Highlights at Westcity Kitchen: snazzy starters, juicy chicken
At Westcity Kitchen, grand components make for tasty tidbits, but whole dishes lack finesse.
Special to The Seattle Times
3405 California Ave. S.W., West Seattle
Reservations: accepted for parties of six or more
Hours: dinner 5-10 p.m. daily
Prices: $$$ (snacks, salads and small plates $3-$12; pastas and entrees $14-$23)
Drinks: full bar; local beers on tap; eclectic selection of moderately priced wines by the glass and bottle
Service: Easy-going, amiable, occasionally forgetful, but everyone is so nice you don’t mind.
Parking: on street
Sound: loud when full
Who should go: family friendly but also ideal for date night; plenty of room for large groups, but also a long, inviting bar for singles or anyone partial to counter dining.
Credit cards: Visa/MasterCard/Discover
Access: no obstacles
Crispy chickpeas $3
Baked olives $6
Grilled sardines $9
American Kobe burger $14
Pan-roasted chicken $17
Something’s fishy. Why does West City Sardine Kitchen pop up when you search online for Westcity Kitchen?
General manager Jessica Freeman explained. When the partners behind this new West Seattle bistro first walked through the narrow California Avenue storefront, once home to The Bohemian, they joked that it felt like a sardine can. West City Sardine Kitchen became the project’s working title and the name they used for the initial applications. Early media reports picked it up and mentions proliferated.
The restaurant’s real name is Westcity Kitchen, but winking references to the fish tale remain. On the neon sign out front, three little fish swim between the words “Westcity” and “Kitchen.” Fish are also worked into a stunning steel railing created by Steve Howell of Ballard Forge.
That railing divides the L-shaped bar from booths and tables in an attractive space that is nothing like a sardine can now. Artful lighting casts a glow on the honey-hued, wood-paneled walls and bar-back. Wide plank flooring extends from the front windows to the peekaboo kitchen in the rear. Huge chalkboards front and back list daily specials.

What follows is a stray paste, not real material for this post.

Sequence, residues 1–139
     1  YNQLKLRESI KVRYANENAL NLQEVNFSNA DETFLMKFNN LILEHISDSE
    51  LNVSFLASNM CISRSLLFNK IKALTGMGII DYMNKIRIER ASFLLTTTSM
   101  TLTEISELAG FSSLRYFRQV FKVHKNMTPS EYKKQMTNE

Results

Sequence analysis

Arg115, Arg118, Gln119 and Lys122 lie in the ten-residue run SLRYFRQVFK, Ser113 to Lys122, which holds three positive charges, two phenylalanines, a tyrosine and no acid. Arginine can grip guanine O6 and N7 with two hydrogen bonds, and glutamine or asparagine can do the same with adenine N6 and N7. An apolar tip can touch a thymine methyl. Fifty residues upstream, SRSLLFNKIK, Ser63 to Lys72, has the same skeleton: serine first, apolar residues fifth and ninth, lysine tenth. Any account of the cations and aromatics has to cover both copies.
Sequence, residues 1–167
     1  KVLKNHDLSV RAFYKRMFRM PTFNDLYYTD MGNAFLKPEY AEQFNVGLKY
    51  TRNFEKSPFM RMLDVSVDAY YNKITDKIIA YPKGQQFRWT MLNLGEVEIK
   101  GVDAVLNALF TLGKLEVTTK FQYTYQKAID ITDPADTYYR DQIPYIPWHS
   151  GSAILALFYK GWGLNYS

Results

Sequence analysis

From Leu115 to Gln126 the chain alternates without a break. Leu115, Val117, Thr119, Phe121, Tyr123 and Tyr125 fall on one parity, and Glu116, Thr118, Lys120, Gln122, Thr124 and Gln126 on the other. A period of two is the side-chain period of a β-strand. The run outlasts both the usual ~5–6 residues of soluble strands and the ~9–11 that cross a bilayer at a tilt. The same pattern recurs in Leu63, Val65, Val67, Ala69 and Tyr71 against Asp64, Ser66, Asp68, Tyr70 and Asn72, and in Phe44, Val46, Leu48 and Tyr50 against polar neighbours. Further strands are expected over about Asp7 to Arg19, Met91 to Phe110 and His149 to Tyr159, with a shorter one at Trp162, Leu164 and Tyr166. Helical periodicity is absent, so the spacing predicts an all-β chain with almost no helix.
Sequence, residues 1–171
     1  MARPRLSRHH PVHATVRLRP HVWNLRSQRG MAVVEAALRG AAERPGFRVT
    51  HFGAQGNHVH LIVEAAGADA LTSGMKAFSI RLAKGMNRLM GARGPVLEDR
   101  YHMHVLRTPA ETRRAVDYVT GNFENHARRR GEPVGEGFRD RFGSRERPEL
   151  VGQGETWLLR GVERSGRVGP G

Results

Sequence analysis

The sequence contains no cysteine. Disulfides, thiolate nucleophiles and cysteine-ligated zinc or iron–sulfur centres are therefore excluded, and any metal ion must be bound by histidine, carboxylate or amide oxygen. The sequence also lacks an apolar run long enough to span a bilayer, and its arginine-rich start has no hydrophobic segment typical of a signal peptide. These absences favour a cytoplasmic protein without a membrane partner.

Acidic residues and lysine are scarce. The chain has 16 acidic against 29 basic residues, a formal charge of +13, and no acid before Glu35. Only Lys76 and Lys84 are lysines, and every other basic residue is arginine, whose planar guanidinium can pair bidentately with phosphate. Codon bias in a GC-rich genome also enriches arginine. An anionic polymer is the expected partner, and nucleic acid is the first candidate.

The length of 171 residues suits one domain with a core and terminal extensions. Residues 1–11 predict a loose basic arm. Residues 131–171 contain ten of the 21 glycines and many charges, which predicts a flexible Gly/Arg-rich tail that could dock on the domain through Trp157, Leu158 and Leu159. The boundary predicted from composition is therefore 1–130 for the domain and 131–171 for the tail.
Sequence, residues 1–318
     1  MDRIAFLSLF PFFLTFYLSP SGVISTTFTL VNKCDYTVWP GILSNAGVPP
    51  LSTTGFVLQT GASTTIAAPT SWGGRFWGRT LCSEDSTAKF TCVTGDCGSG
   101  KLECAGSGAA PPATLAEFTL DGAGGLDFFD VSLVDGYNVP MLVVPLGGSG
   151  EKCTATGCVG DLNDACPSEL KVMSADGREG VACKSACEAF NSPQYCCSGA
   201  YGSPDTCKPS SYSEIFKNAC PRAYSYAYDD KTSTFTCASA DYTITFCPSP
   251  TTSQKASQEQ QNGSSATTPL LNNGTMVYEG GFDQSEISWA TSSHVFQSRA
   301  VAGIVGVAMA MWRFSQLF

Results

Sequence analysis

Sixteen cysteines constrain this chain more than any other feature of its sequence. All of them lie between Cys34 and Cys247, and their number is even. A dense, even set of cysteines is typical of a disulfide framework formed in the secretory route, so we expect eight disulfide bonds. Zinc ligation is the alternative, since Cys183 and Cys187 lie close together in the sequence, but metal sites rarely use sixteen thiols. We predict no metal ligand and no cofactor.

Of course, sardines are on the menu, which tilts Mediterranean yet still seems thoroughly American.
Those little fish — two grilled beauties with a salad of shaved fennel and arugula and a salty, fiery relish of coarsely chopped capers and Calabrian chilies — make a great shareable starter. So do warm olives (sharp kalamatas and rich Castelvetranos) baked with cherry tomatoes, mustard seed and garlic, served with crostini. Squid stuffed with sweet sausage, paired with pickled fennel and sweetly piquant Peppadew aioli, pleased as well.
Consider kicking off the evening with one of Freeman’s creative house cocktails. An absinthe wash lent a bracing anise note to the rye-based Westcity Whiskey Cocktail. The “Baked Apple Manhattan,” served up with a cinnamon swizzle stick, combines spice-infused bourbon with cardamaro and Calvados in a comforting concoction just right for the rainy season.
With your drink, snack on fried chickpeas sprinkled with sumac and lime, or nibble long, skinny truffle-scented fries dusted with pecorino. Better yet, order both.
The menu is a collection of good ideas executed with varying success. Salads are an example. Whole leaves of baby romaine with smoked walnuts, poached fig and ricotta salata needed more lubrication to help bind the red-wine gastrique to the lettuce. Spinach salad, with roasted beets, pistachios, goat cheese and mustard vinaigrette, was much better integrated.
Pan-roasted chicken was delightful. The mostly boneless half bird was moist, tender and aggressively seasoned with salt and pepper. If the acorn squash risotto on the side wasn’t quite risotto, it was satisfying nonetheless.
The terrific burger is fashioned from a half pound of well-seared, incredibly juicy American Kobe beef. Stacked with arugula, smoked Gouda and lots of house-made sweet-and-sour pickles, it comes on a Grand Central potato bun thickly smeared with garlic aioli. I only wish the bun had been toasted.
The burger rightly attends those aforementioned fries, but I asked to substitute a side of oven-roasted seasonal vegetables. I received a colorful array of fingerling potatoes, beets and turnips, all just tender and nicely caramelized but needing salt and pepper, which are on every table in a set of tiny, adorable square bowls.
Squash and pear-stuffed ravioli and handkerchief pasta are both house-made. The pasta was lovely, but the finished dishes lacked finesse. The ravioli were drenched in brown butter, beleaguered with unevenly cooked cubes of butternut squash and burdened with too many whole hazelnuts. Layers of delicate handkerchief noodles clumped together under a heavy short rib ragu; the questionable addition of a fried egg that was anything but “over easy” didn’t help.
After barely four months, opening chef Kym Goheen is moving on and sous chef Colin Sabbatelli succeeds her. (Both previously cooked together at Pair.) I hope she leaves behind the recipes for her light, lemony ricotta cheesecake and “dark chocolate dolci” — a double dessert of chocolate gelato studded with pinenut brittle and dense chocolate mousse topped with a layer of ganache.
Providence Cicero is The Seattle Times restaurant critic. Reach her at firstname.lastname@example.org.